Many of our adventures have been fuelled on good-will and a shared excitement for the journey, but what continues to amaze me is just how much can be achieved when you get the right people together with a shared mind-set for development and a willingness to try something new, to have an adventure along the way and all the while run the risk of ‘getting it wrong’. There’s always a back-up plan and there’s always the option to revert to the ‘old’ way of doing things, but in my experience we’ve rarely reverted to the original method, as need for change is only ever identified where a need for change in practice is necessary.
In that time, I have watched the School of Media develop into a force majeure when it comes to all things student engagement, largely as a result of listening to what the want and working in partnership with them to achieve beneficial change for all. This shared practice has resulted in the design of a personal tutoring system that is linked directly into the delivery on the academic programme. It has fostered the development of a student transition mentoring and induction programme that carries immediate relevance for the new students as it is designed by the students themselves. Working in partnership with students has also seen the development of an embedded workshop series through which to enable students to enhance their research, writing and critical thinking skills in a way that is linked directly to their subject-specific discipline. The design for all of which was arranged collaboratively and delivered in working partnership. As I move on to work at Nottingham Trent, I am conscious of how much my time at Birmingham City University has shaped my professional outloo. Two weeks into my new role at NTU and I am already finding opportunities to get involved and offer alternative perspectives and approaches, so thank you BCU for the all of the experiences, it’s been a blast and the impact will last.
But I won’t miss the stationary M6. This was the view from my last journey to Brum!
Taking a team of students to the European First Year Experience conference in Bergen, Norway this year gave me a renewed perspective into their view of our world. As one of my students, Ross Whitehouse, candidly put it as he looked around the conference keynote session, “It’s amazing to see the secret life of academics and that so many of you from all over the world come together for a meet up because you really do give a sh*t about making sure you give us lot [your students] a good experience!” After 13 years in academia, I hadn’t really thought about it like that until now, but actually what a great approach to recognising the value of our activities, and why we are constantly seeking to develop our offering. Because we genuinely do want our students to have a good learning experience, forgetting the upcoming Teaching Excellence Framework for a second. In fact, aside from sharing our experiences of the design and delivery of our Level Up transition mentoring programme, our primary motive for attending conferences and events such as this one, is to expose ourselves (and our students) to new opportunities for learning so that we can go on to make good use of best practice within our home institutions.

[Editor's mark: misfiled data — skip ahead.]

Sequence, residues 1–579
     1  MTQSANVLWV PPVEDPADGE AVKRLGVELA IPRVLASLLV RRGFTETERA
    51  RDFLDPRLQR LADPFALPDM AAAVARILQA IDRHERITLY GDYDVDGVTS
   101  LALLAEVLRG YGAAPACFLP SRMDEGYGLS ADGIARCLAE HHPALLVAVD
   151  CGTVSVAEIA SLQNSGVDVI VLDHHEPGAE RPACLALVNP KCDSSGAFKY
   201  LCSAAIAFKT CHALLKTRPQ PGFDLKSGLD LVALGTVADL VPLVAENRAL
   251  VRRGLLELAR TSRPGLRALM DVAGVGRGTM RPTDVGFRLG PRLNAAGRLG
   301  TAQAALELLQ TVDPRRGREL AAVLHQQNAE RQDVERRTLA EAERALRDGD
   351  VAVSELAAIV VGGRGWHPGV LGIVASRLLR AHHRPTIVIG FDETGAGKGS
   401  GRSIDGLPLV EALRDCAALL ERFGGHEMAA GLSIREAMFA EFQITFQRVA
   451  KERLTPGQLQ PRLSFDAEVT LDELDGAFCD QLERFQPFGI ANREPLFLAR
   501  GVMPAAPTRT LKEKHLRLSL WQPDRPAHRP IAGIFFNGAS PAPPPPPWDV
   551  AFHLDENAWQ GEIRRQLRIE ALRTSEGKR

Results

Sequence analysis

With 3 years as the standard duration for an undergraduate degree, that’s not an awful lot of time to gain trust, develop positive working relationships and to build a shared learning community. With shorter Masters’ programmes, that is even more difficult! However, with a little effort and some carefully crafted room for flexibility, it is possible to relinquish a little control of the classroom and their learning experience in order to allow the talents and learning ambitions of our students to flourish. In my experience, creating these opportunities easily makes for a much more productive time across those years, in which both parties will learn a thing or two (me included!). Does it require a little more work? Of course it does. Does it bring unexpected joy to your classroom every single day? Absolutely!
Bringing some of our students with us to Norway to talk about this partnership approach in practice, as ever, was a treat and on this occasion our little group fell into a cohort of internationally engaged students, all of whom were keenly ambitious to have their views heard, to make a positive impact upon the student experience and to use their own experience as students in their role as change agents across the Higher Education sector.